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What do students think about this subject here?

Source: NSS

Here's how satisfied past students were – useful to refer to when you’re narrowing down your options. Our student score makes comparisons easier, showing whether satisfaction is high, medium or low compared to other unis.

What do student satisfaction scores tell you?

Overall student satisfaction 84%
Student score 76% LOW
Able to access IT resources

100%

Staff made the subject interesting

81%

Library resources are satisfactory

96%

Feedback on work has been helpful

63%

Feedback on work has been prompt

79%

Staff are good at explaining things

88%

Received sufficient advice and support

77%

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Who studies this subject?

Source: HESA

Start building a picture of who you could be studying with by taking a look at the profile of people that have studied this subject here in previous years.

UK / Non-UK
19% of students here are from outside the UK
Male / Female
84% of students are female
Full-time / Part-time
12% of students are part-time
Typical Ucas points
292 entry points typically achieved by students
2:1 or above
73% of students achieved a 2:1 or above
Drop-out rate
11% of students do not continue into the second year of their course
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What are graduates doing after six months?

Source: DLHE

Here’s what students are up after they graduate from studying this subject here. We’ve analysed the employment rate and salary figures so you can see at a glance whether they’re high, typical or low compared to graduates in this subject from other universities. Remember the numbers are only measured only six months after graduation and can be affected by the economic climate - the outlook may be different when you leave uni. What do graduate employment figures really tell you?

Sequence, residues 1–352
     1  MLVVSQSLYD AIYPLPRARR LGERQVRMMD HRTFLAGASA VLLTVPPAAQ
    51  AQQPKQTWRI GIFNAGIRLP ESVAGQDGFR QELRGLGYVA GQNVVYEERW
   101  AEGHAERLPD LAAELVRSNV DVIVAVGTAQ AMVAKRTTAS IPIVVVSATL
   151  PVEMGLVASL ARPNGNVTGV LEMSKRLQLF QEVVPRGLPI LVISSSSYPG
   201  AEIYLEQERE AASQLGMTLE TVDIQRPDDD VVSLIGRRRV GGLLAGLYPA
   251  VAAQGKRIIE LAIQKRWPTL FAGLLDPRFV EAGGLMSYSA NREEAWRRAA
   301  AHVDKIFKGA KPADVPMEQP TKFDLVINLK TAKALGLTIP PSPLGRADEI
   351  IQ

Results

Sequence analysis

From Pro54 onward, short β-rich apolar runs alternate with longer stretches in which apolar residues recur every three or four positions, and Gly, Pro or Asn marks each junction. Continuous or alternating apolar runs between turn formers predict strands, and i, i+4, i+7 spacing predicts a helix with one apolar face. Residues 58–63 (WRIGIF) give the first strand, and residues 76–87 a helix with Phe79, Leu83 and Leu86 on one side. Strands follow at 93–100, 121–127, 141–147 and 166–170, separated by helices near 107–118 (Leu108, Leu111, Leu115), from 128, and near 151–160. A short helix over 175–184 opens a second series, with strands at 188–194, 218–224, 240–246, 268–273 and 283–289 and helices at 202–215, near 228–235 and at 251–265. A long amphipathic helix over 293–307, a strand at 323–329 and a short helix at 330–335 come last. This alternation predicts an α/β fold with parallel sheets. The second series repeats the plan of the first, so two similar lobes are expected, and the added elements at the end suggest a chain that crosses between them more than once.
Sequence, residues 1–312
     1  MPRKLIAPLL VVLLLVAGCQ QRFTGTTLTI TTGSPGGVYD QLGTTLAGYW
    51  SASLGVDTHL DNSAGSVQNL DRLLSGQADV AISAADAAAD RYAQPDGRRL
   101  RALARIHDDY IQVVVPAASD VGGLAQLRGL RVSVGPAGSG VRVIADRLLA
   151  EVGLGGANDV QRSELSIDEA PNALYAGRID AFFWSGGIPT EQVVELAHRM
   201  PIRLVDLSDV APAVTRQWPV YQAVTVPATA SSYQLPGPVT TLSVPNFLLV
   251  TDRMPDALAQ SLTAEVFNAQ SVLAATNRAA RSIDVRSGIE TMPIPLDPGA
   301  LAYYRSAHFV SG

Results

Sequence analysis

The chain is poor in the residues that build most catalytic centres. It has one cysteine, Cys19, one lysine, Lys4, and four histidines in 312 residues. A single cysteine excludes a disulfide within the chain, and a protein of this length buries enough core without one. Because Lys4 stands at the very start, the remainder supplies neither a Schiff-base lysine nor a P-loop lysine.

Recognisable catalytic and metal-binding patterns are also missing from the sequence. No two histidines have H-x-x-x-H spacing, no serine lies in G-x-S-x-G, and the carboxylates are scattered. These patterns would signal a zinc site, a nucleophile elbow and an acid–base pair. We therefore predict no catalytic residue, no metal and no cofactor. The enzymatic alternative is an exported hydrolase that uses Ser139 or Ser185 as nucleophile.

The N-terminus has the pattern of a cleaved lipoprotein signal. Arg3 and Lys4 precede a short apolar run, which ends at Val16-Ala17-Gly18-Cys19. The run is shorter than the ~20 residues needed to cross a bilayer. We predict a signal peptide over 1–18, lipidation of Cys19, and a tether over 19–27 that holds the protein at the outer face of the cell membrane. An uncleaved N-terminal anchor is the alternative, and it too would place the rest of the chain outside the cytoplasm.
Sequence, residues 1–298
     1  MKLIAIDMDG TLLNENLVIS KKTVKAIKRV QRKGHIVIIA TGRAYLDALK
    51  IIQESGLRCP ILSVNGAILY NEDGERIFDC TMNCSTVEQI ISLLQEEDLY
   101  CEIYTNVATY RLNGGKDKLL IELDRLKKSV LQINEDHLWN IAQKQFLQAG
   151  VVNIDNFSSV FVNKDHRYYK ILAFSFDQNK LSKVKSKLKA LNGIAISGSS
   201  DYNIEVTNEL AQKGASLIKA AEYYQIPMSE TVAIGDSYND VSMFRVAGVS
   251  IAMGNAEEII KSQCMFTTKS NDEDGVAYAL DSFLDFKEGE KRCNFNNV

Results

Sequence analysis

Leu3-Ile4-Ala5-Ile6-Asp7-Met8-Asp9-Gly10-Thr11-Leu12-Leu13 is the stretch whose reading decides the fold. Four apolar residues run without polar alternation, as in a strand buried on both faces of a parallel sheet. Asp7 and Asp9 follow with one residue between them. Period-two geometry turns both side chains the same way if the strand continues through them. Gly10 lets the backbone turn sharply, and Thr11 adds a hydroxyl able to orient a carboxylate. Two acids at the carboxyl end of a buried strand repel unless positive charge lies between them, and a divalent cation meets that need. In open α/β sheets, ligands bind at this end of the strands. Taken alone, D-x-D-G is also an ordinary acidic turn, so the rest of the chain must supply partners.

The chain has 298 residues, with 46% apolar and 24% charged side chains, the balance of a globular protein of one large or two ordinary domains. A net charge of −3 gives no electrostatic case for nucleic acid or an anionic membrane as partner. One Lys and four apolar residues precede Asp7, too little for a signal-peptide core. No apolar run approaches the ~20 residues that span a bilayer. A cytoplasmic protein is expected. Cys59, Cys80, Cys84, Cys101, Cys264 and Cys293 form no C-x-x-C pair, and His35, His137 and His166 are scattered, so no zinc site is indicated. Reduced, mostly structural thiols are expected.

% employed or in further study 96% MED
Average graduate salary £20k HIGH
Graduates who are teaching and educational professionals

7%

Graduates who are customer service occupations

6%

Graduates who are sales, marketing and related associate professionals

11%

Employment prospects for graduates of this subject

Sources: DLHE & HECSU
It's often said the UK doesn't produce enough modern language graduates, and graduates from French courses have a lot of options available to them when they complete their courses. About one in seven get jobs elsewhere in the EU – often as English teachers – which is much higher than for most subjects. Those who want to stay at home to work find jobs in education, and anywhere good communication skills are a must. That means you can find French graduates in marketing, business and finance and the arts - as events organisers, projects managers, management consultants, and, of course, translators. But remember, whilst employers say they rate graduates who have more than one language, you need to have them as part of a whole package of good skills.